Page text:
Moe is a 31-year-old woman from Thailand. She lives with her husband and four-year-old son in Mae La Refugee Camp (MLRC) in Tha Song Yang District of Tak Province. She has lived there for 20 years after her parents moved from Bilin Township, Bago Division in Burma because of the civil war. Moe is a homemaker who does all the household chores while her husband is a farmer who works on rented land outside of the camp, where he plants corn and beans. To make some extra income, Moe also sells snacks from home. Their combined income is enough to cover basic family expenses. As for healthcare, they receive free basic care in the camp provided by International Rescue Committee (IRC). A few months ago, Moe started to feel a mass in her lower abdomen while she was lying down after eating dinner. She thought it was strange and told her neighbor about it the next day. Her neighbor told her that this was normal for someone gaining weight, which she suggested Moe was. Upon hearing this, she did not seek treatment, agreeing with her neighbor’s conclusion. However, she soon felt that the mass was increasing in size, which did not seem normal. On February 13th, 2020, she decided it was time to go to the clinic in the camp for further investigation. The medic at the camp examined to her and told her that she likely had a cyst in her lower abdomen, but they could not diagnose her further. The medic informed the doctor at the camp and the doctor discussed the situation with IRC staff, who then referred Moe to Mae Sot Hospital (MSH) for further investigation. She was referred to MSH on February 17th for an ultrasound. Upon going to MSH, doctors performed an ultrasound and told her that she has a mass in her uterus. Since the mass was already large, however, the ultrasound did not show a clear result whether the mass was outside or inside her uterus. For this reason, the doctor recommended a computed tomography (CT) scan on February 25th. Moe returned home and came back to MSH for the CT scan according to the appointment date. On the day of the scan, she also received a blood test and urine test before being informed that she would have to come back on February 27th to get the results. When she returned, the doctor explained to her that there is a large tumor in her right ovary and that she needs surgery to remove it, followed by a tissue biopsy to confirm whether the growth is cancerous. Currently, Moe has a burning pain in her lower right abdomen. Sometimes the pain gets worse, which makes it difficult for her sleep or eat well. For this reason, she said that she lost her appetite and weight. When she eats, she feels discomfort as her stomach becomes tight and full, even she eats very little. She feels like the mass is gradually getting bigger and she feels more comfortable lying down instead of sitting or walking. Moe sought treatment through our medical partner, Burma Children Medical Fund. She is now scheduled to undergo mass removal surgery on March 24th and is requesting $1,500 to cover the total cost of her procedure and care. Moe said, “Both my husband and I became worried when we heard that there was mass in my uterus. We worry that my whole uterus might need to be removed and we will no longer be able to have more children. Now, the doctor told me that only the tumor will be removed and that I most likely will be able to have children in the future. Me and my husband want to have one or two more children, so we were very happy when we heard that my uterus would not to be removed.”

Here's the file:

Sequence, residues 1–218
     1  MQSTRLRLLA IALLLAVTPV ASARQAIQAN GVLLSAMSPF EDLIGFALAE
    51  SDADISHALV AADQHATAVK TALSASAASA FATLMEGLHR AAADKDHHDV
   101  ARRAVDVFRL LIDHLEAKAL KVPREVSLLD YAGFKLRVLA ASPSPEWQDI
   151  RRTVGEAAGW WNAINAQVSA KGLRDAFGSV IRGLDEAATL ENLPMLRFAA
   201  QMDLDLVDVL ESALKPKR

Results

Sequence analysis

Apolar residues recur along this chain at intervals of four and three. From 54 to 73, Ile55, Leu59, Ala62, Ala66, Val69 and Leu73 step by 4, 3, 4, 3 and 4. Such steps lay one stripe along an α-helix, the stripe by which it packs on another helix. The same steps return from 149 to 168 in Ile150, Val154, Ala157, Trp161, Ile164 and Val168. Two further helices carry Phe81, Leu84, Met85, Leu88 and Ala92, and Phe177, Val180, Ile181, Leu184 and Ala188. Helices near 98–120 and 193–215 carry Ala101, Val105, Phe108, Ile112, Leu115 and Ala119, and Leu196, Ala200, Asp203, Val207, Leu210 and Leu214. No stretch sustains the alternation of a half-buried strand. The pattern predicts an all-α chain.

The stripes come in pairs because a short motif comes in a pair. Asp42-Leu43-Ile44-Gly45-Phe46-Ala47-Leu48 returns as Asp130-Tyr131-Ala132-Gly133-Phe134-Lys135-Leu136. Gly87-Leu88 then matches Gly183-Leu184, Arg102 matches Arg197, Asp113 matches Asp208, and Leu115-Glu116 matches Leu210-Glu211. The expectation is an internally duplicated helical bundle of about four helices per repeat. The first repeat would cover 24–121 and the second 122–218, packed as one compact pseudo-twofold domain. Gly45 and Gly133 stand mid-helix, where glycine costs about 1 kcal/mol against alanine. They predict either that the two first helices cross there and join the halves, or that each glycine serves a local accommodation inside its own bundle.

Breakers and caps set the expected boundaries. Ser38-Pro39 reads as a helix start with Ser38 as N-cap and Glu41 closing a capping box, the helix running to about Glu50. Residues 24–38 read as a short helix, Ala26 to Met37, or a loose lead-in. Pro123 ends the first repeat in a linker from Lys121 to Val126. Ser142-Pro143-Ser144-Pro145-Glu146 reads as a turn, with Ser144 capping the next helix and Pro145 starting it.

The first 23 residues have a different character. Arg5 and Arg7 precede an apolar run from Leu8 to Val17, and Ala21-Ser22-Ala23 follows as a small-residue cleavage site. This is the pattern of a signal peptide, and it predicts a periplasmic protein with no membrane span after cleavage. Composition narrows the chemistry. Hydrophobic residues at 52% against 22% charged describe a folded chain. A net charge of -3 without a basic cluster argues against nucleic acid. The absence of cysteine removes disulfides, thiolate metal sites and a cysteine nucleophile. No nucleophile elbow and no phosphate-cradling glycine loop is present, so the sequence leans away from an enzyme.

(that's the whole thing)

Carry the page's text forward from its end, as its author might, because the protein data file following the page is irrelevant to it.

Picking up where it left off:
76% funded